These results show that adding yellow dyes having absorption maxima outside the range of 470-600 nm (tables 8 and 9) or magenta dyes having absorption maxima in the range of 470-600 nm but at less than 30 nm distant from the absorption maximum of the other magenta dye (table 10) does not significantly change the metamerism of the dye mixture or even increases the metamerism.
|Cited Patent||Filing date||Publication date||Applicant||Title|
|US2762810 *||Sep 28, 1953||Sep 11, 1956||Du Pont||Process for introducing a tricyanovinyl substituent on the ring of a cyclic amine|
|US2853483 *||Jan 24, 1956||Sep 23, 1958||Ciba Ltd||Monoazo dyestuffs|
|US4212642 *||Jul 20, 1978||Jul 15, 1980||Ciba-Geigy Ag||Transfer printing dyes|
|US4614521 *||May 10, 1985||Sep 30, 1986||Mitsubishi Chemical Industries Limited||Transfer recording method using reactive sublimable dyes|
|US4700207 *||Oct 14, 1986||Oct 13, 1987||Eastman Kodak Company||Cellulosic binder for dye-donor element used in thermal dye transfer|
|US4816435 *||May 27, 1987||Mar 28, 1989||Mitsubishi Chemical Industries Limited||Transfer sheet for thermal transfer recording|
|US4988665 *||May 18, 1989||Jan 29, 1991||Eastman Kodak Company||Arylazoaniline blue dyes for color filter array element|
|US5091360 *||May 11, 1990||Feb 25, 1992||Imperial Chemical Industries Plc||Thermal transfer printing|
|US5122499 *||Dec 7, 1990||Jun 16, 1992||Agfa-Gevaert, N.V.||Thermal dye sublimation transfer printing method|
|US5169828 *||Apr 9, 1991||Dec 8, 1992||Agfa-Gevaert, N.V.||Black colored thermal dye sublimation transfer donor element|
|US5221658 *||Sep 16, 1991||Jun 22, 1993||Basf Aktiengesellschaft||Transfer of indoaniline dyes|
|US5229353 *||Jun 12, 1991||Jul 20, 1993||Agfa-Gevaert, N.V.||Thermal transfer printing with ultra-violet absorbing compound|
|US5234888 *||Jul 29, 1992||Aug 10, 1993||Agfa-Gevaert, N.V.||Dye-donor element for use according to thermal dye sublimation transfer|
|US5246908 *||Nov 8, 1991||Sep 21, 1993||Agfa-Gevaert, N.V.||Dyes for use in thermal dye transfer|
|US5286706 *||May 7, 1991||Feb 15, 1994||Ricoh Company, Ltd.||Sublimation-type thermal image transfer recording medium|
|US5292714 *||Feb 10, 1993||Mar 8, 1994||Matsushita Electric Industrial Co., Ltd.||Dye transfer type thermal printing sheets|
|US5308825 *||Jun 24, 1992||May 3, 1994||Agfa-Gevaert, N.V.||Description|
|US5366951 *||Jun 10, 1993||Nov 22, 1994||Agfa-Gevaert, N.V.||Thiazolylazoaniline dyes for use in thermal dye sublimation transfer|
|*||DE88013C||Title not available|
|FR966779A *||Title not available|
|1||*||Hackh s Chemical Dictionary (1972) p. 99.|
|2||Hackh's Chemical Dictionary (1972) p. 99.|
|Citing Patent||Filing date||Publication date||Applicant||Title|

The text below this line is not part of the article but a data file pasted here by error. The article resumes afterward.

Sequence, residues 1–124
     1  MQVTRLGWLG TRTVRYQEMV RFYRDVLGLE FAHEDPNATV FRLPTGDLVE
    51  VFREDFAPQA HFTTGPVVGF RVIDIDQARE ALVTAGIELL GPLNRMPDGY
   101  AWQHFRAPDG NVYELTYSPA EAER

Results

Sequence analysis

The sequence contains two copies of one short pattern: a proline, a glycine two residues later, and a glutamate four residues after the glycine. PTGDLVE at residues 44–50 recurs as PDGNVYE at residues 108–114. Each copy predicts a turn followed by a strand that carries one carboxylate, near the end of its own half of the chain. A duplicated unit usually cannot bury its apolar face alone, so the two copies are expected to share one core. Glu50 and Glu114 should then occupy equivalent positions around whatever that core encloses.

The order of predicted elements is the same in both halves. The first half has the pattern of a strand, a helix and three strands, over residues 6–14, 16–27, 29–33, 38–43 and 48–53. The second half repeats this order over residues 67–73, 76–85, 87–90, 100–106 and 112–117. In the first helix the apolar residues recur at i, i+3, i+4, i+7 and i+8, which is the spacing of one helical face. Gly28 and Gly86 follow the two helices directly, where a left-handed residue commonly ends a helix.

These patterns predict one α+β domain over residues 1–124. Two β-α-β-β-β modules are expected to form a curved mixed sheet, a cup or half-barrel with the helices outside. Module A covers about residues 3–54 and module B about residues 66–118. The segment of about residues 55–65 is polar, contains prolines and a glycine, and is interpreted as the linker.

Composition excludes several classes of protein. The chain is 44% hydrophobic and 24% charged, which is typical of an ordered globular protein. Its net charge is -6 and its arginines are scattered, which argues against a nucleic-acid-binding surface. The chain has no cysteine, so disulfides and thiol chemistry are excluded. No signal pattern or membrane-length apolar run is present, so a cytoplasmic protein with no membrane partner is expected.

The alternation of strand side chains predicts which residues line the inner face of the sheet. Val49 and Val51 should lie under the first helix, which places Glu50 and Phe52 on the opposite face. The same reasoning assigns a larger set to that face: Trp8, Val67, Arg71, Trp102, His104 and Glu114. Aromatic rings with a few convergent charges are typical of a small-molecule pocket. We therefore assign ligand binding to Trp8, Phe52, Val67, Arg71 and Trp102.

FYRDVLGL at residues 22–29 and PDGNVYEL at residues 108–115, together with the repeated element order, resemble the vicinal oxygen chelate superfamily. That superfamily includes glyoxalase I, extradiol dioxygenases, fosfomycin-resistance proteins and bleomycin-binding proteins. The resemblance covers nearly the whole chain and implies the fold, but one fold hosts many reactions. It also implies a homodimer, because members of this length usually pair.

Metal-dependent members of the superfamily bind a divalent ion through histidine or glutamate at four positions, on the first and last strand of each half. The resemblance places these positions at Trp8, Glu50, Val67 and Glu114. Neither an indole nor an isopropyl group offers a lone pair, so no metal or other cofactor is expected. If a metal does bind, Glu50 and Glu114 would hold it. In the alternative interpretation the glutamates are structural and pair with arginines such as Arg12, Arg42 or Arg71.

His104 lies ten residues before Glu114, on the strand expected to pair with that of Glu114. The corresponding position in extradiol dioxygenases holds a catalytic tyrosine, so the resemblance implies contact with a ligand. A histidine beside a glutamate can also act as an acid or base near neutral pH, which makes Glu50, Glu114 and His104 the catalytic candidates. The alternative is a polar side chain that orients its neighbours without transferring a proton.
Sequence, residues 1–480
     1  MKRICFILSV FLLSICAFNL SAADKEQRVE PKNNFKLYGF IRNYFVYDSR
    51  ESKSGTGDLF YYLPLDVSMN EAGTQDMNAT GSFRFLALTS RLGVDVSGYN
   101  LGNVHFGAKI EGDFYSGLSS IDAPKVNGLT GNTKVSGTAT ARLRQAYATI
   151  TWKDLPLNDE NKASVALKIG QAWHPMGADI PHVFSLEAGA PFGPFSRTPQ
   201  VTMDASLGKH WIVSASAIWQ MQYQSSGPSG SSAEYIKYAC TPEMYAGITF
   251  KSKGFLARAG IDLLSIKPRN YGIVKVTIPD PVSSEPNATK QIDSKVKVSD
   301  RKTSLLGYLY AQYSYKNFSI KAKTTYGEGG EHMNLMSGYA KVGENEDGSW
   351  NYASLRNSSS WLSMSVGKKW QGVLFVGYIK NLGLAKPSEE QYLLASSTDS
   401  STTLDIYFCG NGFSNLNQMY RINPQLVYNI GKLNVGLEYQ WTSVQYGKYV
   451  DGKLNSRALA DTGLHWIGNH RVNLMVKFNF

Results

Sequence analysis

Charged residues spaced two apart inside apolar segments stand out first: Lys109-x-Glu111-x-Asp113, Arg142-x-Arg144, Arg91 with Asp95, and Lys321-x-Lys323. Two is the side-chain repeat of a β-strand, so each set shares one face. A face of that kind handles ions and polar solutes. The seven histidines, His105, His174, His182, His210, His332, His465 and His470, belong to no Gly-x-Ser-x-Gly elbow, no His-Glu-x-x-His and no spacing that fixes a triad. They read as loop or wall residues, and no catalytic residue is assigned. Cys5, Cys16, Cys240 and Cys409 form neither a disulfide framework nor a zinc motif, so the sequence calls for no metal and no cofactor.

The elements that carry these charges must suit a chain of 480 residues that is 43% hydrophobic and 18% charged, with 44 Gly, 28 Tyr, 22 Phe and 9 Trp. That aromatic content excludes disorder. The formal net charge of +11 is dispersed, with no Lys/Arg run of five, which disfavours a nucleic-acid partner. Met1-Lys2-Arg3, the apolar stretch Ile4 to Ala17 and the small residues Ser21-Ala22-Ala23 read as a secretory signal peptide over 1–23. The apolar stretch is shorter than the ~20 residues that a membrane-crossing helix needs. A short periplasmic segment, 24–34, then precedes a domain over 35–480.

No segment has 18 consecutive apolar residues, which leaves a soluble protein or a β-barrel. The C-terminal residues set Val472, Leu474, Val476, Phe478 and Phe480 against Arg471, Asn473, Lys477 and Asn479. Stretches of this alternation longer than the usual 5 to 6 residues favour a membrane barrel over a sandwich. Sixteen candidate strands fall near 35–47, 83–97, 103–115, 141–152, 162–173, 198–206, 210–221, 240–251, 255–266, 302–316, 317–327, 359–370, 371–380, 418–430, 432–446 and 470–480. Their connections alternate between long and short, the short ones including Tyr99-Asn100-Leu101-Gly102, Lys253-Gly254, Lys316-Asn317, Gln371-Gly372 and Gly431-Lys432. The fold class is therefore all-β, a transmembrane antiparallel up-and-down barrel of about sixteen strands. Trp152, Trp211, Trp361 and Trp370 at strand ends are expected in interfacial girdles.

|US5679139 *||Aug 20, 1996||Oct 21, 1997||Eastman Kodak Company||Cyan and magenta pigment set|
|US5679140 *||Aug 20, 1996||Oct 21, 1997||Eastman Kodak Company||Magenta and yellow dye set for imaging systems|
|US5679141 *||Aug 20, 1996||Oct 21, 1997||Eastman Kodak Company||Magenta ink jet pigment set|
|US5679142 *||Aug 20, 1996||Oct 21, 1997||Eastman Kodak Company||Cyan ink jet pigment set|
|US5747217 *||Apr 3, 1996||May 5, 1998||Minnesota Mining And Manufacturing Company||Laser-induced mass transfer imaging materials and methods utilizing colorless sublimable compounds|
|US6979488||Aug 10, 1998||Dec 27, 2005||Eastman Kodak Company||Receiver having hydrophilic receiving surface|
|US7533980||Feb 15, 2005||May 19, 2009||Hewlett-Packard Development Company, L.P.||Ink set and media for ink-jet printing|
|US7703909||Jul 14, 2008||Apr 27, 2010||Hewlett-Packard Development Company, L.P.||Ink set and media for ink-jet printing|
|US20020197451 *||Aug 10, 1998||Dec 26, 2002||Gustavo R. Paz-Pujalt||Receiver having hydrophilic receiving surface|
|US20060135374 *||Dec 16, 2004||Jun 22, 2006||Cooper Sarah M||Indicating lubricant additive|
|US20060181587 *||Feb 15, 2005||Aug 17, 2006||Bauer Stephen W||Ink set and media for ink-jet printing|
|US20080274339 *||Jul 14, 2008||Nov 6, 2008||Bauer Stephen W||Ink set and media for ink-jet printing|
|WO2001052234A1 *||Dec 27, 2000||Jul 19, 2001||Koninkl Philips Electronics Nv||Protecting compressed content after separation from original source|
|U.S. Classification||430/200, 430/201, 8/471, 503/227|
|International Classification||B41M5/385, C09B67/22, C09B29/26, B41M5/39, C09B29/08, C09B29/00, B41M5/388|
|Cooperative Classification||C09B67/0051, B41M5/388, C09B67/0041, C09B29/0085, C09B29/26, B41M5/3854, C09B29/0836, B41M5/39, B41M5/3858|
|European Classification||C09B29/26, B41M5/385M, C09B29/00H10B4, C09B29/08K6, C09B67/00M5, C09B67/00M7D|
|Mar 14, 1995||AS||Assignment|
Owner name: AGFA-GEVAERT, N.V., BELGIUM
Free format text: ASSIGNMENT OF ASSIGNORS INTEREST;ASSIGNORS:JANSSENS, WILHELMUS;ROOSEN, RAYMOND;VEREYCKEN, MODEST;REEL/FRAME:007379/0785
Effective date: 19930415
|Jul 13, 1999||REMI||Maintenance fee reminder mailed|
|Dec 19, 1999||LAPS||Lapse for failure to pay maintenance fees|
|Feb 29, 2000||FP||Expired due to failure to pay maintenance fee|
Effective date: 19991219